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Second quarter report shows strength of resale market
Jul 24, 2008

In Winnipeg, limited new and resale housing inventory continued to tighten the city’s real estate market, and will do so for the remainder of 2008, according to a new report from Royal LePage Real Estate Services.  

The limited supply of housing throughout Winnipeg had a dramatic impact on average house prices which, for all housing types surveyed during the second quarter, experienced double-digit year-over-year increases. 

The report indicated Canada’s real estate market is poised to maintain the momentum gained from a solid second quarter through to the end of 2008.  

While home prices are expected to appreciate in all but two major markets during the year, activity levels across the country are expected to decline from 2007’s record-setting pace, as pent-up demand is satisfied and some buyers retreat to the sidelines in the face of increasing economic uncertainty, according to the House Price Survey and Market Survey Forecast report.

When compared to the second quarter of 2007, the average cost of a Winnipeg bungalow by the end of the second quarter this year increased by 12.5 per cent to $233,800. The average price of a standard two-storey home rose by 13.7 per cent to $257,800 during the same period, while the average price for a standard condominium increased by 23.3 per cent to $144,614.

The report said inventory levels were tightened throughout Winnipeg due to an influx of provincial in-migration, during the second quarter, according to the report. 

“There is still considerable demand in the marketplace with two out of every three properties in June selling at or above list price,” said WinnipegREALTORS® Association president Darlene Clare.

During the second quarter, average house prices rose across most of the country with rates of appreciation easing from the dramatic spikes that were observed in 2006 and 2007. Continued robust demand led to strong double-digit gains in Saskatchewan, Winnipeg and St. John’s, while a surge in inventory caused Alberta’s white-hot market to record the country’s only major-market price decreases.

“Canada’s resale housing market proved resilient in the second quarter,”  said Phil Soper, president and chief executive officer, Royal LePage Real Estate Services. “In fact, we have been pleasantly surprised that strong fundamentals, such as enduringly positive employment numbers and reasonable mortgage rates, have countered increasingly pessimistic consumer sentiment, based primarily on the American housing recession.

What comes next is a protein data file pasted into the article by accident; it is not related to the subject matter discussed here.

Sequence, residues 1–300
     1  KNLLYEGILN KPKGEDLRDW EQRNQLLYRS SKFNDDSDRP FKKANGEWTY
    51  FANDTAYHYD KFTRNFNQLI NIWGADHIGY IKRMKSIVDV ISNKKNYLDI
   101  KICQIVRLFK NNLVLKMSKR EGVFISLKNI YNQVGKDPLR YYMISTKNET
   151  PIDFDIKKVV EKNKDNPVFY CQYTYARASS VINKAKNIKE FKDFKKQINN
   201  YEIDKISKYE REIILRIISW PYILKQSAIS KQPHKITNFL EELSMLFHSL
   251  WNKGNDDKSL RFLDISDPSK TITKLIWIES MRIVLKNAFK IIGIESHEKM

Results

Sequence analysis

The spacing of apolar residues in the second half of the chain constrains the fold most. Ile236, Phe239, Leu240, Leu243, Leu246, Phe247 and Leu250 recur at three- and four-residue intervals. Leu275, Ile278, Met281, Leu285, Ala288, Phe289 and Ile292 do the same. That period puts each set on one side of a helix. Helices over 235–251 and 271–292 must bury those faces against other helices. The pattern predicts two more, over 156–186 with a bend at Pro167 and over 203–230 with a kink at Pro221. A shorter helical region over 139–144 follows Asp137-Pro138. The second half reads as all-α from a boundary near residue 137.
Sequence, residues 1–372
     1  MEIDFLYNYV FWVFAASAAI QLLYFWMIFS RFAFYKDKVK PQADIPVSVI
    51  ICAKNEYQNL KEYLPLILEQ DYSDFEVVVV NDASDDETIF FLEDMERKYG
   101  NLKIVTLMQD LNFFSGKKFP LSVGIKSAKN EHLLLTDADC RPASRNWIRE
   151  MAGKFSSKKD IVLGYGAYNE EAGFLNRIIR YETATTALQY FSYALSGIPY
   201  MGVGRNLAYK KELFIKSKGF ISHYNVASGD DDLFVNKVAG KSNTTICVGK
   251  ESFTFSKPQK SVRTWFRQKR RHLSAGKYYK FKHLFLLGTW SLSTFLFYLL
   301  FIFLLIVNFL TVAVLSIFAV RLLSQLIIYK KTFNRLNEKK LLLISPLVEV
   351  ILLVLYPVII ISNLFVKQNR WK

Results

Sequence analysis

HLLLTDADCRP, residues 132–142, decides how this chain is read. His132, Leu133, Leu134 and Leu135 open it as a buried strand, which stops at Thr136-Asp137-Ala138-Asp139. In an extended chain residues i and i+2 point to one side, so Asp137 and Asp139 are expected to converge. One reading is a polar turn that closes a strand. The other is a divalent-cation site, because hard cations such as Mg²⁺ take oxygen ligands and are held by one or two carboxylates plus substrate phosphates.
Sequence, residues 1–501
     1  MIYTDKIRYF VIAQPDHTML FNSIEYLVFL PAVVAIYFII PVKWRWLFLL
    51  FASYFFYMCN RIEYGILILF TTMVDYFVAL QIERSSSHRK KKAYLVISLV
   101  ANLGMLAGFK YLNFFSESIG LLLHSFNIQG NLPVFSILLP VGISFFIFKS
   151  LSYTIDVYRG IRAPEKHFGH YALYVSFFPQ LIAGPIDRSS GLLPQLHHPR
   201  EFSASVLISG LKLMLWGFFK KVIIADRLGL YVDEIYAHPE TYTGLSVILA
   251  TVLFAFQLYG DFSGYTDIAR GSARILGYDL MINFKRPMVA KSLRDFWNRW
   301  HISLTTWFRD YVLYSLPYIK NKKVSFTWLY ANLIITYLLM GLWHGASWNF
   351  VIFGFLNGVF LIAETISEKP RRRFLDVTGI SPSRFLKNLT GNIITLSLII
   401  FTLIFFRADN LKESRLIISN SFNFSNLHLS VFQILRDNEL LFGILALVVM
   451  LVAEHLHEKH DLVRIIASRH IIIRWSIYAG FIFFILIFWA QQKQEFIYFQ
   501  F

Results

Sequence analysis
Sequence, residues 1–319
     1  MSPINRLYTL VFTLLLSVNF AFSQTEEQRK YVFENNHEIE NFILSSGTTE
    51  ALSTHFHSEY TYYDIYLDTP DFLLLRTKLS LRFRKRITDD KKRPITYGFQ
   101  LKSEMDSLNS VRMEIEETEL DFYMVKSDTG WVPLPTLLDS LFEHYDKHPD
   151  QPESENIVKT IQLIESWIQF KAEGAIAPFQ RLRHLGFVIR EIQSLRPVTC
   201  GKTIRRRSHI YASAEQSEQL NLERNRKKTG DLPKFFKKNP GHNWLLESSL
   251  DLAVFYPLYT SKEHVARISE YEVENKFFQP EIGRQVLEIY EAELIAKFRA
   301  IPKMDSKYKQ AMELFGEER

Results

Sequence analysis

“After several years characterized by a persistent shortage of listings, home buyers have felt the pressure of bidding wars and take-it-or-leave-it counter offers ease during 2008; home sellers have had to come to grips with the longer time it is taking to sell properties, but can take comfort in a market that continues to support reasonable price increases. 

“Our research indicates that all markets will continue to perform well, albeit at a tempered pace,” he added.

The national average house price is forecast to rise by 3.5 per cent, to $318,000 by the year’s end.  Home sale transactions are projected to decrease by 11.5 per cent to 461,000 unit sales by the end of 2008.

The highest average price appreciation occurred in detached bungalows, which rose by 5.6 per cent to $351,587, followed by standard two-storey properties, which rose to $418,943 (5.2 per cent), and standard condominiums, which increased to $248,408 (3.9 per cent), year-over-year.

An extreme inventory shortage has helped pressure prices upwards in the mid-west, while excess supply loosened markets in the previously frenzied Alberta market.

Saskatchewan’s cities recorded the country’s highest price gains, but Winnipeg followed closely behind.  

“The inevitable result of a booming economy was observed as the markets held strongly in the sellers’ favour as house prices skyrocketed in both Saskatchewan and Manitoba,” according to the report.

But Clare said the number of MLS® listings have noticeably increased, with new listings in June up 16 per cent over the same month in 2007, while active listings (current supply of available properties on MLS®) were up 28 per cent. It was the second month in a row  that new properties entered on MLS® exceeded 2,100 listings.

“There may be more choice on the market,” said Clare, but everyone’s situation is unique. Considerations depend on type, condition, price range, location, and differing supply and demand of properties within specific neighbourhoods.